Updated: February 15, 2014 06:14 PM GMT
Archbishop Francis A Chullikat, the Vatican's permanent observer at the UN (Photo by CNS)
The Vatican’s apostolic nuncio to the United Nations told a congressional hearing on Tuesday that “flagrant and widespread persecution of Christians rages in the Middle East even as we meet”.
Chaired by US Republican Chris Smith, R-N.J., the House subcommittee on global human rights listened to international experts testify about the rise in Christian persecution throughout the world.
The archbishop has witnessed the violence firsthand. Before taking the post as the permanent observer of the Holy See to the UN, Archbishop Francis A. Chullikatt served as apostolic nuncio to Iraq and Jordan and lived in Baghdad from 2006 to 2010.
The archbishop said: “This tragedy is all the more egregious when one pauses to consider that these men and women of faith … have been living at peace with their neighbors for untold generations.”
The persecution of Christians in Iraq has increased in the wake of the country’s democratic transition. There and elsewhere religious minorities had enjoyed some amount of protection under the strict law and order enforced by previous rulers.
Archbishop Chullikatt said that today, “because of the conflict, Christians are caught in the crossfire”.
He denounced the emerging “tradition” of bombing Catholic and other Christian churches on Christmas Eve, which has happened in the Middle East for several years.
When Smith asked Archbishop Chullikatt about the effect of persecution on children, the archbishop indicated that the damage is immense.
“They live in fear … they go to schools, not even sure they will come back safe and alive.”
The archbishop also expressed concern for the future. “This is the kind of formation we are giving to the young generations who will become leaders,” he said. “It is a painful thing.”
The persecution of Christians is not limited to those living in the Middle East. The Pew Forum found that Christians suffered some form of harassment in 139 countries between 2006 and 2010, the largest of any other group.
Other speakers at the hearing testified about violence against Christians in Indonesia, Vietnam, Nigeria, Myanmar, Sudan, and Eritrea, among others. Conversion laws in India, restrictions on worship in China, and denial of education or employment in various countries were cited as others forms of persecution against the world’s Christians.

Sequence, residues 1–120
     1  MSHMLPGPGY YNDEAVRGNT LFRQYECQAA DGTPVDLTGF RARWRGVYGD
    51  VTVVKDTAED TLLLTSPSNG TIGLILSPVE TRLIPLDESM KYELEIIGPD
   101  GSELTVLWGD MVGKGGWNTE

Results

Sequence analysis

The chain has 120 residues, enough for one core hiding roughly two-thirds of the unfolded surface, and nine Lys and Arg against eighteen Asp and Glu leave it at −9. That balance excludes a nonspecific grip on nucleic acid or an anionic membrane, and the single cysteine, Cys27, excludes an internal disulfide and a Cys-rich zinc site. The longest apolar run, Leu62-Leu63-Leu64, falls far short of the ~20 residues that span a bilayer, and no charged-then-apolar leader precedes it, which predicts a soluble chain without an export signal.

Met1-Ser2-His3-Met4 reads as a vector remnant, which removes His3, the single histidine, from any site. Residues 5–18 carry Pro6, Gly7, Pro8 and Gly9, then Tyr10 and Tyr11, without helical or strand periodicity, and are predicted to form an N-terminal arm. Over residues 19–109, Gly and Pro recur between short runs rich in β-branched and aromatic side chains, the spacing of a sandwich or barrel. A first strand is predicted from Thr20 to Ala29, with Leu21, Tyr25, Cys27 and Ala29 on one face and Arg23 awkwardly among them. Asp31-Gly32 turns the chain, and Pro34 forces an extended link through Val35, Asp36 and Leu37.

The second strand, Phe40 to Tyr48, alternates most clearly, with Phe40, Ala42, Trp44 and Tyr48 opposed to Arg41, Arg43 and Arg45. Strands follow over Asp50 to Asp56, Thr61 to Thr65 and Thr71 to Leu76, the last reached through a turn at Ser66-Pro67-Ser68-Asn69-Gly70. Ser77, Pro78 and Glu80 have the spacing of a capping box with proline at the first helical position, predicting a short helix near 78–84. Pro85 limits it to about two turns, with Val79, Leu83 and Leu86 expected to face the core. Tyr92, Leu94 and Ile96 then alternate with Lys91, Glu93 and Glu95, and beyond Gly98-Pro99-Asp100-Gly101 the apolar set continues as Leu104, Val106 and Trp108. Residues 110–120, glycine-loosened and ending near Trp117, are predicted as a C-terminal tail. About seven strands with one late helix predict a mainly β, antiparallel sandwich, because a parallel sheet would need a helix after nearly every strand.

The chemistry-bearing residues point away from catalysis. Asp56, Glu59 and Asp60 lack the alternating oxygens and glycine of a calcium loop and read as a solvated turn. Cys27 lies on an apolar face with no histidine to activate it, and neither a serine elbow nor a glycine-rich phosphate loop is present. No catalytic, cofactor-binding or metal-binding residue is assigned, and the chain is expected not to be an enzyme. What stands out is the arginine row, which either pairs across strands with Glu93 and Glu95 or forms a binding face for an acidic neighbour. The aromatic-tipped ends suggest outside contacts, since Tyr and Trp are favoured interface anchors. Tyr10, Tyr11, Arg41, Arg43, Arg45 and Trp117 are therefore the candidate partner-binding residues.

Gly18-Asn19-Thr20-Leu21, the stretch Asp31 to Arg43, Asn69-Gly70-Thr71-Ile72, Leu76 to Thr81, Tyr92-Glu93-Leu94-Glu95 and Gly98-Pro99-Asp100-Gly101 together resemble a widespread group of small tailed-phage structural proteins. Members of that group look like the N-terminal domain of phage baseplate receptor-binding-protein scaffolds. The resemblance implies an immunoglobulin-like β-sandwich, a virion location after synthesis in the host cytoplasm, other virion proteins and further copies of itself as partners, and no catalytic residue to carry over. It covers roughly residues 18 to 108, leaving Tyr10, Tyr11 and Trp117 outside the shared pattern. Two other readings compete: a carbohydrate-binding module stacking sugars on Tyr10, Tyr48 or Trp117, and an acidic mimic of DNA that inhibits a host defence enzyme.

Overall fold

John Allen, associate editor of The Boston Globe and a veteran journalist who has written extensively about Christian persecution, said many ignore the issue because of outdated prejudices.
“Say ‘religious persecution’ to most Westerners, and the images that come to mind are the Crusades, the Inquisition, the wars of religion,” Allen said. “The typical Christian in today’s world is not an affluent American male pulling up to church in a Lincoln Continental; it’s a poor black woman and mother of four in Botswana.”
Source: Catholic News Service
….As we enter the first months of 2022, we are asking readers like you to help us keep UCA News free.
For the last 40 years, UCA News has remained the most trusted and independent Catholic news and information service from Asia. Every week, we publish nearly 100 news reports, feature stories, commentaries, podcasts and video broadcasts that are exclusive and in-depth, and developed from a view of the world and the Church through informed Catholic eyes.
Our journalistic standards are as high as any in the quality press; our focus is particularly on a fast-growing part of the world - Asia - where, in some countries the Church is growing faster than pastoral resources can respond to – South Korea, Vietnam and India to name just three.
And UCA News has the advantage of having in its ranks local reporters who cover 23 countries in south, southeast, and east Asia. We report the stories of local people and their experiences in a way that Western news outlets simply don’t have the resources to reach. And we report on the emerging life of new Churches in old lands where being a Catholic can at times be very dangerous.
With dwindling support from funding partners in Europe and the USA, we need to call on the support of those who benefit from our work.